Wednesday, August 29, 2012

The Morning Call--Draghi's hopey, changey plan


The Market

Technical


Yesterday, the indices (DJIA 13102, S&P 1409) inched lower, remaining within (1) their short term trading ranges (12022-13302, 1266-1422) and their intermediate term uptrends (12258-17258, 1290-1870).

Volume fell; breadth was mixed though the flow of funds and on balance volume indicators are looking dicey. The VIX declined but continues above the (recently re-set) lower boundary of its intermediate term trading range and below the upper boundary of its short term downtrend.

GLD rose slightly but enough to put it back above the upper boundary of its short term downtrend as well as the lower boundary of its intermediate term trading range.
http://www.marketwatch.com/story/bullishness-rising-faster-than-gold-2012-08-28

Bottom line: the Averages seem to have lost momentum; and this with an easier Fed policy and the successful presentation of Draghi’s plan for bailing out Europe priced into the Market---both of which make most investors feel warm and fuzzy. That doesn’t leave much room for bad news. Given that we are transitioning from a dull, quiet August to an action packed September in which we will get a snoot full of news from both the Fed and the EU, I worry about a hiccup in one or both of these factors. Hence my conviction that 13302/1422 will hold and my focus on our stocks Sell Half prices.

Dow theory (short):
http://www.ritholtz.com/blog/2012/08/dow-theory/

Fundamental

Headlines


The flow of economic news picked up yesterday with the overall trend being mixed (surprise, surprise). Weekly retail sales and the most recent Case Shiller home price index were modestly positive, while consumer confidence and the Richmond Fed’s manufacturing index were disappointing. Probably the most impactful number was consumer confidence which was much below expectations and that got stocks off to a shaky start. That notwithstanding, the stats still confirmed the scenario of a sluggishly growing economy.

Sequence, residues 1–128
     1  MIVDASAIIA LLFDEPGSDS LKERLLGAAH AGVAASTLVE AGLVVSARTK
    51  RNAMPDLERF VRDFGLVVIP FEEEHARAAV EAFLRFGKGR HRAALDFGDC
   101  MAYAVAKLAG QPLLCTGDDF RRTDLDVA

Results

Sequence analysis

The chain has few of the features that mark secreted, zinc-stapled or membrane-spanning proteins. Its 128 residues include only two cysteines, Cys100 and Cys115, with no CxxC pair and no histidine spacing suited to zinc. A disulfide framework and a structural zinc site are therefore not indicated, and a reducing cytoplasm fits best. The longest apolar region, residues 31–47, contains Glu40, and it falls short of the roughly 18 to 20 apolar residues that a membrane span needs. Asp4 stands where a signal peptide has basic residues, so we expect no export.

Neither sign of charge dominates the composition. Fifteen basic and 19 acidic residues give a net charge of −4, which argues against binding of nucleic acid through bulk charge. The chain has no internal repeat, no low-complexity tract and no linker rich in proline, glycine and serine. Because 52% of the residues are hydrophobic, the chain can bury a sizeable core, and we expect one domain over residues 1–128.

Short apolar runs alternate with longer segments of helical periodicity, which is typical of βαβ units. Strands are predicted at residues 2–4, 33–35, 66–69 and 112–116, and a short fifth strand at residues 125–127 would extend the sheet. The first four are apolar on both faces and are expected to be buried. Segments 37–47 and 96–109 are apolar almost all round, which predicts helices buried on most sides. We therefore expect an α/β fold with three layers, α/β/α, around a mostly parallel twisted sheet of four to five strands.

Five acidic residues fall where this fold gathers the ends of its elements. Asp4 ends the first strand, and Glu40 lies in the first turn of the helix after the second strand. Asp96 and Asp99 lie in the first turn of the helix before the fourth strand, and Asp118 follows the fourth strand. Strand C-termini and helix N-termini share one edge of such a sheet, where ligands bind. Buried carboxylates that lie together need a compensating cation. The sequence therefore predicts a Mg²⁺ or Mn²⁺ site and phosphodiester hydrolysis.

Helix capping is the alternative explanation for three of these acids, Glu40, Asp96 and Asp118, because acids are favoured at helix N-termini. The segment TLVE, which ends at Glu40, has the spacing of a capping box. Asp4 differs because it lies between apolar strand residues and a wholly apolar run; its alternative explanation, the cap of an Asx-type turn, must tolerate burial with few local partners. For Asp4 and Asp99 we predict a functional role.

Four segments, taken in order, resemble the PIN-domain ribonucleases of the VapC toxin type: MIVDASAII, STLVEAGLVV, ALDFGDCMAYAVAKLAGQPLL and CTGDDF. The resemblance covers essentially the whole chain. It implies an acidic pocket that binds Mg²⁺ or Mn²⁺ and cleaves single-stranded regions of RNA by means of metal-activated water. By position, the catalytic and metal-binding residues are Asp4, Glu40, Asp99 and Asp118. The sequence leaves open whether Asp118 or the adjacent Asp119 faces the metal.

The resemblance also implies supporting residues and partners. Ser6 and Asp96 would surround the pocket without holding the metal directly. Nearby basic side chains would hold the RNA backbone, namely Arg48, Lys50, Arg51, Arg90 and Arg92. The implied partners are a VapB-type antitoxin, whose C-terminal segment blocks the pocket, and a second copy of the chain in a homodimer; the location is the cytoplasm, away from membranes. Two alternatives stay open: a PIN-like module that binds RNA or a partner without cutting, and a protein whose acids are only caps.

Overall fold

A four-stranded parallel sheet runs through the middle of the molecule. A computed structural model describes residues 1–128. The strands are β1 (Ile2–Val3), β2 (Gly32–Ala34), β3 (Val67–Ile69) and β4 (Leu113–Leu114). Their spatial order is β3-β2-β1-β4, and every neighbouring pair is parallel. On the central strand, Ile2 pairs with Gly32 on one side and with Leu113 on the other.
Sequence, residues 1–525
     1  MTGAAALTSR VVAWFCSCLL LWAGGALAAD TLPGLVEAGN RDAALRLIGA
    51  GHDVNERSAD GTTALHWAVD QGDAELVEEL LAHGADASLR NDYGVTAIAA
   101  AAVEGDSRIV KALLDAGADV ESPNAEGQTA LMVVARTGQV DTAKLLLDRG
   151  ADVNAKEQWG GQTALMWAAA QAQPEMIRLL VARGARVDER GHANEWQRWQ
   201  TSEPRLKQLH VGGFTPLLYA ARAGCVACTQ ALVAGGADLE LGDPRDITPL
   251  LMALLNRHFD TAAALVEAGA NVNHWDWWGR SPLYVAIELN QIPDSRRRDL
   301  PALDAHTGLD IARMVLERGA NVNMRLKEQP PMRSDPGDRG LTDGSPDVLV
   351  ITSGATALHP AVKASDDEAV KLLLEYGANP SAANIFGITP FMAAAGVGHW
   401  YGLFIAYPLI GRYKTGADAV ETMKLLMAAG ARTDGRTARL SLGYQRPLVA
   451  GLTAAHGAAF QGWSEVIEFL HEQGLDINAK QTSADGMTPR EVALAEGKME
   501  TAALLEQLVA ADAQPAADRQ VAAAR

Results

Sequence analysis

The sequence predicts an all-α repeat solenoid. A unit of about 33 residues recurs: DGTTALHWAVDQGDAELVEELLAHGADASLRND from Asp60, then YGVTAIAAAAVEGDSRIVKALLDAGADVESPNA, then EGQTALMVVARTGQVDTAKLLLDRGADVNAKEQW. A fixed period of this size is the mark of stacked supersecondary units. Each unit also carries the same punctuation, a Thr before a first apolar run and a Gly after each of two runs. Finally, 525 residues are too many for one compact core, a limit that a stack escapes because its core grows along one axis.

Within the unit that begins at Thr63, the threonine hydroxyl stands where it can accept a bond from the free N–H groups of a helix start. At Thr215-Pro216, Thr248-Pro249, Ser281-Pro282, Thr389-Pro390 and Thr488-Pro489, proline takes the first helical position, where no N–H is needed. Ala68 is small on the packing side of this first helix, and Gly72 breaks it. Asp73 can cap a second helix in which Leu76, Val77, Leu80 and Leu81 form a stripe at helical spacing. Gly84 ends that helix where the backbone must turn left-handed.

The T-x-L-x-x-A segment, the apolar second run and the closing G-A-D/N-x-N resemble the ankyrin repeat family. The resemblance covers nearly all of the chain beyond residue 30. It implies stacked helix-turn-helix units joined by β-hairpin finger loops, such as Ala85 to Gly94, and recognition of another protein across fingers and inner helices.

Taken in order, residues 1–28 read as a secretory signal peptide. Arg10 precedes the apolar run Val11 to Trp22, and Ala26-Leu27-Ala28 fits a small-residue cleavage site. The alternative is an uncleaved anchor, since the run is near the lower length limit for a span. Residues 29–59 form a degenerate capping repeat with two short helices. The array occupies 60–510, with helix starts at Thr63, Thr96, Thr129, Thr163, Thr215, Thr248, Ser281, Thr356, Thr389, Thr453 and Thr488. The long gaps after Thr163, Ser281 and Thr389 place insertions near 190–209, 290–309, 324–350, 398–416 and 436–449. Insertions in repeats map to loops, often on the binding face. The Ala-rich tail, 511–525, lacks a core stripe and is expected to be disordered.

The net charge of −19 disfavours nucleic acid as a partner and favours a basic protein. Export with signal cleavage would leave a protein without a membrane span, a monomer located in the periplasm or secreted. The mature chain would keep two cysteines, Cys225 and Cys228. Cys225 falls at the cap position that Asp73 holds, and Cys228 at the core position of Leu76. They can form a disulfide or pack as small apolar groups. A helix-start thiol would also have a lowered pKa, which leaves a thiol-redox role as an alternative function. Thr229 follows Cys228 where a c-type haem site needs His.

The rest of the day, investors spent with their thoughts on (1) the republican convention [they yawned], (2) hurricane Isaac [they were relieved that it is not as bad as it could be], (3) Jackson Hole [they hoped that if the Ber-nank, doesn’t give us QEIII on Friday, he’ll surely do it at the September FOMC meeting] and (4) Draghi’s next act [they said three Hail Mary’s, lifted their eyes to heaven and prayed but steadfastly refused to reduce their portfolio risk]. Well, good luck with all that:

Speaking of which [Draghi’s next act that is], he just wrote this hopey, changey op ed full of bulls**t signifying nothing (medium):
http://www.zerohedge.com/news/jawboning-fingerboning-mario-draghi-releases-op-ed-future-europe

QEIII and consumer confidence (medium):
http://www.zerohedge.com/news/guest-post-qe3-mechanism-broken

A not very encouraging update on Greece (13 minute video):
http://www.nakedcapitalism.com/2012/08/nonsense-economics-and-the-deepening-greek-crisis.html

More pain from Spain (medium):
http://www.zerohedge.com/news/spain-shall-bitterly-begin-his-fearful-date

Bottom line: stocks (as defined by the S&P) remain overvalued (as defined by our Model) while the narrative around Fed policy and salvaging Greece, Spain and Italy continues to focus on the good news scenario. That narrative could prove correct; but if it does, it is already in current prices. That would be OK if (1) the odds of it occurring were well above 50/50 and (2) the downside risks if it didn’t happen were not that great. Unfortunately, in my opinion, neither of the above conditions exists. That is why I want a decent sized cash position and a price cushion before committing it. I am not touting a doomsday scenario; I am simply saying that the risks at current price levels are sufficient to warrant a cautious approach to this market.



Steve Cook received his education in investments from Harvard, where he earned an MBA, New York University, where he did post graduate work in economics and financial analysis and the CFA Institute, where he earned the Chartered Financial Analysts designation in 1973. His 40 years of investment experience includes institutional portfolio management at Scudder, Stevens and Clark and Bear Stearns. Steve's goal at Strategic Stock Investments is to help other investors build wealth and benefit from the investing lessons he learned the hard way.